It was only recently that both Kay and Wendy learned that Kay had until she was twenty years old to access the free programme. Immediately, the pressure came off, the hostility over the issue ended, and a more rational and informed discussion took place. And it was only then that Kay disclosed to her mother what the principal had done.

As phone calls to the AWHC office earlier in the year have confirmed, this story is not uncommon, and it highlights a number of very important issues:

  • The risks of using a health promotion strategy that lacks balance, over-estimates the risk of developing cervical cancer, and is intended to frighten girls and young women into ill-informed compliance
  • The failure to provide parents and caregivers with sufficient and balanced information to counter any misinterpretation of the information provided in the classroom setting
  • The risks to family relationships when schools and public health nurses present information on vaccinations to students with the aim of gaining compliance rather than informed consent from both parents and their daughters
  • The risks to students of being subjected to peer pressure
  • The management within schools of the return and completing of consent forms
  • The bullying by school staff.


The AWHC would like to thank both Kay and Wendy for sharing their story.

* Not their real names as their identities need to be protected.
November 2009





As the economic situation worsens and the media peddles doom and gloom, the government is pressing ahead with its $160 million + school-based vaccination campaign to vaccinate all high school aged girls and young women. This despite the fact that there are still questions about the cost-benefit of the vaccine as well as whether it will be effective in reducing the incidence of cervical cancer.

In August 2008 an article by Dr Jane Kim and Dr Sue Goldie appeared in the New England Journal of Medicine on the health and economic implications of the HPV vaccine in the United States. It concluded that the cost-effectiveness of the HPV vaccine depended on achieving an extremely high coverage of preadolescent girls and whether the vaccine-induced immunity is lifelong (emphasis added).(1)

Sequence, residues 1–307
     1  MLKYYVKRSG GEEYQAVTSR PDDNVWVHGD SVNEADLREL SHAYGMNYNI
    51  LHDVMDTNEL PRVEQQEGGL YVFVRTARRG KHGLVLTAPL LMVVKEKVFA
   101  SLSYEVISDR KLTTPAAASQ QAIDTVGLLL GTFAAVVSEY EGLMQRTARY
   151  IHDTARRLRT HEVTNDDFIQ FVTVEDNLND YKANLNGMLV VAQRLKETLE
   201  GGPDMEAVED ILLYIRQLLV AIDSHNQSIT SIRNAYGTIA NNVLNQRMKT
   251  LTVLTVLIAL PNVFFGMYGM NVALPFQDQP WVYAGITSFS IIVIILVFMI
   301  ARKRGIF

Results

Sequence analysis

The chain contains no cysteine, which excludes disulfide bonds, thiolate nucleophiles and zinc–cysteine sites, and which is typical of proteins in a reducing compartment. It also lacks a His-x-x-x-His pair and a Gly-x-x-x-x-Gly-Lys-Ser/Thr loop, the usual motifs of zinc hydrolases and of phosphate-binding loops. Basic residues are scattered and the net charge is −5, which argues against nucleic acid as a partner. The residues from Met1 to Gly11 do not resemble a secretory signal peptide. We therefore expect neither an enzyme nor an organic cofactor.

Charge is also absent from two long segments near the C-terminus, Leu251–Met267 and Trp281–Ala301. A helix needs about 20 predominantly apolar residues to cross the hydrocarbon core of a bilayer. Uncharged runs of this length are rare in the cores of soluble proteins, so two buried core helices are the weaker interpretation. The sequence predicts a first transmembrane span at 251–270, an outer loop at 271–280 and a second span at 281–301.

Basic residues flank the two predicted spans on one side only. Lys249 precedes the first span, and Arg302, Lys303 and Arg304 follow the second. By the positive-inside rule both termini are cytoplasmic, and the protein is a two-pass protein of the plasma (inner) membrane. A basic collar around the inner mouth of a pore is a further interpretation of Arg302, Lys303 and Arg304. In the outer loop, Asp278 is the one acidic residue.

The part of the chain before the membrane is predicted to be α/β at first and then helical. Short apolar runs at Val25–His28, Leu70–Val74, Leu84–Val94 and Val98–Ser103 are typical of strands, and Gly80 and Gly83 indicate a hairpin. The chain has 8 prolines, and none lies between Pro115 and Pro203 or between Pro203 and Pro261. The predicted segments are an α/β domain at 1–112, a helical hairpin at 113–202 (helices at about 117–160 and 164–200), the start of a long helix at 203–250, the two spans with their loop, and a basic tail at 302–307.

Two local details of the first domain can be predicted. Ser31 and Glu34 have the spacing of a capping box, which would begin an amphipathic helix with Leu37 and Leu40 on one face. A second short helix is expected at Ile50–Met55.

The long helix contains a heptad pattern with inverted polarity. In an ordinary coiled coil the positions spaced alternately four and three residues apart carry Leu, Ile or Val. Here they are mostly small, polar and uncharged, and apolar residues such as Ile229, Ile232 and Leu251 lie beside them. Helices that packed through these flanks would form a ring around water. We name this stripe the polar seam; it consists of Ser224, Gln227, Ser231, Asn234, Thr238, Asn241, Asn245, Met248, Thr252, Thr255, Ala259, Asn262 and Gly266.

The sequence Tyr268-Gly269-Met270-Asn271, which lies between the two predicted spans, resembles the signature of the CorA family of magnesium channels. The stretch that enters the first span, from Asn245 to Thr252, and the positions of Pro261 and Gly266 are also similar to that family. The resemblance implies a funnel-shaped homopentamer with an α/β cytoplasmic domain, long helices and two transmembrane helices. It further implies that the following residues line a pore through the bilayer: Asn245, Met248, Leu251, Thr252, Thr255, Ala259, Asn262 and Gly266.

In the same issue of the NEJM, Dr Charlotte J Haug, editor of the Journal of the Norwegian Medical Association, wrote “Despite great expectations and promising results of clinical trials, we still lack sufficient evidence of an effective vaccine against cervical cancer.”

Commenting on Kim and Goldie’s model she wrote “Their base-case assumptions are quite optimistic. They presume lifelong protection of the vaccine (ie, no need for a booster dose), that the vaccine has the same effect on preadolescent girls as on older women, that no replacement with other oncogenic strains of HPV takes place, that vaccinated women continue to attend screening programs, and that natural immunity against HPV is unaffected. If the authors’ baseline assumptions are not correct, vaccination becomes less favourable and even less effective than screening alone…With so many essential questions still unanswered, there is good reason to be cautious.” (2)

Diane Harper, one of the lead researchers on the vaccine, spoke on National Radio on Friday 1 August 2008 about her concerns over the pharmaceutical company’s marketing of the vaccine. She stated that there was evidence that the immunity to two of the HPV viruses that can cause cervical cancer was already showing signs of waning at 5 years. It is therefore extremely unlikely that this vaccine is going to provide the lifelong immunity needed to justify spending all these millions of dollars.

Last year the AWHC applied under the Official Information Act for information on the cost benefit analysis undertaken by the Ministry of Health on the HPV vaccine, but the documents sent to the Council had so many blank pages that it was impossible to ascertain what the facts were and whether the MOH had done their homework.